CSL Behring announced today that the U.S. Food and Drug Administration (FDA) has approved a supplemental Biologics License Application (sBLA) to extend the shelf life for Privigen®, Immune Globulin Intravenous (Human), 10% Liquid, from 24 to 36 months. The approval makes Privigen the first liquid intravenous immunoglobulin (IVIg) in the U.S. that can be stored at room temperature throughout its entire 36-month shelf life.
Privigen is the first and only 10 percent liquid IVIg stabilized with proline, a naturally occurring amino-acid. The product is indicated for primary immunodeficiency (PI), a group of disorders, usually genetic, that result from a malfunction in part or all of the immune system. This condition prevents patients from fighting off infections caused by everyday germs. Privigen is also indicated for the treatment of patients with chronic immune thrombocytopenic purpura (ITP) to raise platelet counts.
Proline efficiently minimizes dimer formation (≤12% dimers) and allows storage of Privigen at room temperature (up to 25°C [77°F]) throughout its entire 36-month shelf life. Because the product does not need refrigeration, Privigen is always ready for immediate use. As a liquid IVIg, it also requires no reconstitution, which saves preparation time and minimizes product waste.
“CSL Behring has a history of developing innovative immunoglobulin therapies and we continually strive to enhance the quality of the life-saving products our patients depend on,” said Robert Lefebvre, Vice President and General Manager, U.S. Commercial Operations at CSL Behring. “Part of that commitment includes convenience for patients and health providers. The approval of an extended shelf life for Privigen is another example of our dedication to meeting customer needs.”
The sBLA for Privigen was based on a three-year study assessing the product’s stability. Physicochemical, biological and immunological parameters were assessed during 36 months’ storage under controlled conditions at 25°C (77°F). Over the 36 months, the IgG fraction in Privigen maintained high purity (≥98%) and no relevant amounts of aggregated IgG molecules were formed. Also, the use of proline at pH 4.8 inhibited dimer formation (≤12%) throughout the study period.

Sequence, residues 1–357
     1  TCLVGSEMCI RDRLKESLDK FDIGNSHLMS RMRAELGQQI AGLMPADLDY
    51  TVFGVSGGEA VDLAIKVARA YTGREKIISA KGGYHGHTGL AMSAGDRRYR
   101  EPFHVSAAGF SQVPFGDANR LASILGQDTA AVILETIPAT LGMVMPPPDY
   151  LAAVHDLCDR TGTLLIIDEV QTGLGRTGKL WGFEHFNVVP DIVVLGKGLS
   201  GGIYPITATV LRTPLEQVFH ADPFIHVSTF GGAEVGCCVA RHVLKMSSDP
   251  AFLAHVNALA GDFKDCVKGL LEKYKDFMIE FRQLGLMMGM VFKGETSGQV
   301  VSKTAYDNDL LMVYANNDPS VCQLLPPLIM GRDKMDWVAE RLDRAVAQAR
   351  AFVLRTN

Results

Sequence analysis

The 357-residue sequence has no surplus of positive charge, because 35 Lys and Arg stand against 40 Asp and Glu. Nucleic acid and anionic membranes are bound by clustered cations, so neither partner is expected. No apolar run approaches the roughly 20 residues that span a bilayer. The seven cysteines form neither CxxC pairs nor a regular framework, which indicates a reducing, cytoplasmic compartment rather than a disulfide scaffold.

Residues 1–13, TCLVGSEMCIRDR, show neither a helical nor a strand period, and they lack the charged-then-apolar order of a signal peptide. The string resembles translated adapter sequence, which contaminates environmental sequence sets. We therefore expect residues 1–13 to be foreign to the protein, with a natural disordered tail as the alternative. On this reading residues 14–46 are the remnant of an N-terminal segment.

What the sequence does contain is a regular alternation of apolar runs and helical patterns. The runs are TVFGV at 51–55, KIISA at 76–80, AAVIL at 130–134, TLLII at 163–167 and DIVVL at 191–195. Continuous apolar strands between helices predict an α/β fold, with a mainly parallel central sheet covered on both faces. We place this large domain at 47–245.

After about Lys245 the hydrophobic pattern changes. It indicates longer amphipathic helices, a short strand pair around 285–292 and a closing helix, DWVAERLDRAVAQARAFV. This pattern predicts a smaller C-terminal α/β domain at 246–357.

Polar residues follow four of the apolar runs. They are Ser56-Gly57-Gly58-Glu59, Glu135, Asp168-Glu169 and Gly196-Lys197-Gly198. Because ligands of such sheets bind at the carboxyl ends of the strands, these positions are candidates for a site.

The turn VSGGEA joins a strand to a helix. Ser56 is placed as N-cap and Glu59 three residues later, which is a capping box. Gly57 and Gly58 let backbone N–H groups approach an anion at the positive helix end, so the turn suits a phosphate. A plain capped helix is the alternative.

Privigen is part of the Ig franchise of CSL Behring. This comprehensive immunoglobulin product portfolio also includes the first 16 percent and first 20 percent subcutaneous immunoglobulin (SCIg) therapies approved in the U.S. by the FDA. CSL Behring manufactures Privigen at its state-of-the art facility in Bern, Switzerland where the most advanced technologies are applied to ensure product safety and ample supply. This facility represents the long-term commitment of CSL Behring to global Ig markets.
For more information about Privigen, including full prescribing information, visit http://www.privigen.com/privigen-pi-privigen-prescribing-information.aspx.
Important Safety Information
WARNING: Renal dysfunction, acute renal failure, osmotic nephrosis, and death may be associated with the administration of Immune Globulin Intravenous (Human) (IVIg) products in predisposed patients. Administer IVIg products at the minimum infusion rate possible. Renal dysfunction and acute renal failure occur more commonly in patients receiving IVIg products containing sucrose. Privigen does not contain sucrose. See full prescribing information for complete boxed warning.
Privigen is contraindicated in patients who have had an anaphylactic or severe systemic reaction to the administration of human immune globulin, in patients with hyperprolinemia, and in IgA-deficient patients with antibodies to IgA and a history of hypersensitivity.
In patients at risk for developing renal failure, monitor urine output and renal function, including blood urea nitrogen and serum creatinine. Also monitor patients with risk factors for thrombotic events, including a history of atherosclerosis, multiple cardiovascular risk factors, advanced age, impaired cardiac output, hypercoagulable disorders, prolonged periods of immobilization, and/or known or suspected hyperviscosity.
Aseptic meningitis syndrome (AMS) may occur infrequently with Privigen and other IVIg treatments, and may occur more frequently with high doses and/or rapid infusion of IVIg. Hemolysis, hemolytic anemia, and pulmonary adverse events have also been reported. If transfusion-related acute lung injury is suspected, test product and patient for antineutrophil antibodies.
Privigen is derived from human plasma. The risk of transmission of infectious agents, including viruses and, theoretically, the Creutzfeldt-Jakob disease (CJD) agent, cannot be completely eliminated.
In clinical studies, the most common adverse reactions with Privigen were headache, pain, nausea, pyrexia/ hyperthermia, fatigue, chills, and anemia.
For more details and complete prescribing information for Privigen, please call the CSL Behring Medical Information Department at 1-800-504-5434.